Questions about the Design

Frequently Asked Questions About the Design

Who are the partners for the Flight 93 National Memorial that were involved in the memorial design process?

Four organizations partnered to organize and implement the process for choosing a memorial design.

  • The Families of Flight 93 is a nonprofit organization of family members of the passengers and crew who died on the flight.
  • The Flight 93 Advisory Commission was created by Congress to prepare "a report containing recommendations for the planning, design, construction, and long-term management of a permanent memorial at the crash site." The Commission completed its work and sunseted in 2013.
  • The Flight 93 Memorial Task Force served as the Commission's operational arm and included Flight 93 family members, community members, first responders, educators, and other local, regional, and national stakeholders. The Task Force completed its work and sunseted in 2010.
  • The National Park Service is the federal agency charged with administering Flight 93 National Memorial.

How was the design selected for the Flight 93 National Memorial?

The design was selected through a deliberate, open, and transparent public process.

Over 1000 design entries were received from design professionals, amateurs, and ordinary people from 48 states and 27 countries. The designs were exhibited and available for public comment in Somerset, Pennsylvania and were posted on the Flight 93 Memorial Project website (website is no longer in use.)

The juries were composed of some design professionals but mostly family members, first responders, and other people who were directly and personally affected by the loss of loved ones.

The selection process:
  • The Stage I jury analyzed over 1,000 submissions and forwarded five finalist designs to the Stage II jury.
  • The five finalist designs were again exhibited for public comment in Somerset, Pennsylvania, and were posted on the project website (website is no longer in use)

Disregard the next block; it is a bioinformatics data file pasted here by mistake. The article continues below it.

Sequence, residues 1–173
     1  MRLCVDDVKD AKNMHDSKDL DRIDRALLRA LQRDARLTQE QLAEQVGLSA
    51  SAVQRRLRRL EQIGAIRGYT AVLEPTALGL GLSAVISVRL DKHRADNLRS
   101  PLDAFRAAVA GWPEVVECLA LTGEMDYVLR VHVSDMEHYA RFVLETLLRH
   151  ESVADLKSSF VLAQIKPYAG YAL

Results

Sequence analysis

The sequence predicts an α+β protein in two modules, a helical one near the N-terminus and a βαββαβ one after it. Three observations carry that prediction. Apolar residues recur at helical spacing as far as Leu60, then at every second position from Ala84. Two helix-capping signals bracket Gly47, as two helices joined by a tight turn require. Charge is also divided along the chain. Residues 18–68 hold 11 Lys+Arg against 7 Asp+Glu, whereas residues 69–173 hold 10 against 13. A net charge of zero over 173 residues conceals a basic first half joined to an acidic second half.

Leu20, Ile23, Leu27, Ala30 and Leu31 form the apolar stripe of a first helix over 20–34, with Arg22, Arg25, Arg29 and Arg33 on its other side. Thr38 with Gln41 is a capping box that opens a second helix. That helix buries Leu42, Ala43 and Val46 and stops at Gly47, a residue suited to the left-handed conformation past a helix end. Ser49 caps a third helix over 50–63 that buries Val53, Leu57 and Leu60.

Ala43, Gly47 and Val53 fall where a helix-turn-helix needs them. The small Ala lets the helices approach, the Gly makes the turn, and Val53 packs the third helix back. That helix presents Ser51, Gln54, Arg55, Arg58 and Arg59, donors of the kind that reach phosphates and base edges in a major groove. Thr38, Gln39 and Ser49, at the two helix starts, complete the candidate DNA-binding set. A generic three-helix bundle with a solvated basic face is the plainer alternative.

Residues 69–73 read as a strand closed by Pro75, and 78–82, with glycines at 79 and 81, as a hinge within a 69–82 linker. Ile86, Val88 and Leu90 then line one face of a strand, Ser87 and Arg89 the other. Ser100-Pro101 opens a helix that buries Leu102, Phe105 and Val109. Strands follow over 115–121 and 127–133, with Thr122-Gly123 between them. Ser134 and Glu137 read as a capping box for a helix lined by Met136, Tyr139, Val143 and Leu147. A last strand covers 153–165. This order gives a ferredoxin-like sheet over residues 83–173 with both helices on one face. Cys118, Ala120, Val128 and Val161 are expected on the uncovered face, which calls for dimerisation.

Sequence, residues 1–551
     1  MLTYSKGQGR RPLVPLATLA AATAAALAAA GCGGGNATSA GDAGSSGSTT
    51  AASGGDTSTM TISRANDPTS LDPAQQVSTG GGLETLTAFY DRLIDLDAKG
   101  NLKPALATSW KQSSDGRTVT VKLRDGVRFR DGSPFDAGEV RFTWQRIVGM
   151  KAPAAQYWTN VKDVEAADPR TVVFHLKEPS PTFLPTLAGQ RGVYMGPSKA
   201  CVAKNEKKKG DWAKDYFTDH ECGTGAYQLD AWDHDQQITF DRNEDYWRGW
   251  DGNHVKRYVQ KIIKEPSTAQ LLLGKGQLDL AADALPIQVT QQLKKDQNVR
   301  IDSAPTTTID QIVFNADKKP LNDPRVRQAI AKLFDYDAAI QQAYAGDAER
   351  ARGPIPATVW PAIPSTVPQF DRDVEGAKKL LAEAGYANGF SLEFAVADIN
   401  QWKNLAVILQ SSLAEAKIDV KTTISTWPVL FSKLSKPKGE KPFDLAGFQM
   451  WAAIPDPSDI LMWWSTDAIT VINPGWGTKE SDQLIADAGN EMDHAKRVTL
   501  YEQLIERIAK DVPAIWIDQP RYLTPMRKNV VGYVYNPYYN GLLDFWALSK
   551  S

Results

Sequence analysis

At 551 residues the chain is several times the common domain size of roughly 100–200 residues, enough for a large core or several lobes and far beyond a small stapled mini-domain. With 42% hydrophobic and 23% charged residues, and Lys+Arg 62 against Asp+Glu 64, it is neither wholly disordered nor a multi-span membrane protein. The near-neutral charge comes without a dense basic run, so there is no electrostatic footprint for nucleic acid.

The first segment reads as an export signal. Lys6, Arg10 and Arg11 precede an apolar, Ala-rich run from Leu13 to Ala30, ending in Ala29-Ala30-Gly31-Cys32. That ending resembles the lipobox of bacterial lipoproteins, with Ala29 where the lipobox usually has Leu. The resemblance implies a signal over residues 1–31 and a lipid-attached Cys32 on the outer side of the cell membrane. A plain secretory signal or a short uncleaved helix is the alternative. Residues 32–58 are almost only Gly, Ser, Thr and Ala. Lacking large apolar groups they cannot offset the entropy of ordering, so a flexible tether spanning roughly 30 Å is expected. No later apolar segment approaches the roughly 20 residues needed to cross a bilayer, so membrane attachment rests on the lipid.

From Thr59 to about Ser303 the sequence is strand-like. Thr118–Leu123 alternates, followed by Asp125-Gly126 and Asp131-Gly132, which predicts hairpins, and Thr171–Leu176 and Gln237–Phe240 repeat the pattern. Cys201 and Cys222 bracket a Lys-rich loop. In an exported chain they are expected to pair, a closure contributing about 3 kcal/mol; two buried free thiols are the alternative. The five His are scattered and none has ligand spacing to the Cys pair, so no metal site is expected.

• The Stage II jury, which was composed of noted design professionals, Flight 93 family members, and community leaders, reviewed the public comments and evaluated the designs against the memorial's mission statement.
  • The Stage II jury decided that they would select the winning design through a democratic process and took a vote. The design with the most votes would be selected as the winning design.
  • The jury voted and selected Mr. Murdoch's design.
  • To reinforce their support of the design, the Stage II jury took a second, unanimous vote to support the design created by Mr. Murdoch.

What is the shape of the memorial?

The natural topography of the area is a bowl with higher elevations to the north and west so the landform provides the circle shape of the memorial; the memorial rests and follows the contours of the circle.

Is this circle "broken" at all?

The "circle of embrace" points your attention down to the crash site which is the final resting place of the passengers and crew. The trees surrounding this "circle of embrace" are missing in two places; first, where the flight path of the plane went overhead (which is the location of the planned memorial overlook and visitor center), and second, where the plane crashed at the crash site (depicted by a ceremonial gate and pathway into the crash site). In summary, the memorial is shaped in a circular fashion, and the circle is symbolically "broken" or missing trees in two places, depicting the flight path of the plane, and the crash site, in honor and remembrance of the passengers and crew of Flight 93.

Where does the memorial focus attention?

Attention is focused on the crash site, which is the final resting place of the passengers and crew.

Is there Islamic religious symbolism incorporated into the design of the Flight 93 National Memorial?

No. This memorial solely honors the actions of the 40 passengers and crew, who thwarted the terrorists.

How do you know?

The intent of the architect was to honor the passengers and crew. When questions were raised about the design, they were taken very seriously. The National Park Service and the Flight 93 partner organizations investigated the issues and consulted with the Board of Directors of the Families of Flight 93, university and religious scholars, all of whom concluded that the memorial design does not imply or depict religious iconography.

What do the Families of Flight 93 have to say about the design of the memorial?

They support it. In a November 9, 2007 letter to Congressman Tancredo they wrote, "The Families of Flight 93 overwhelmingly support the design and the design process, and reaffirmed that support by a unanimous vote of the Board of Directors as recently as two months ago."

Last updated: October 28, 2018

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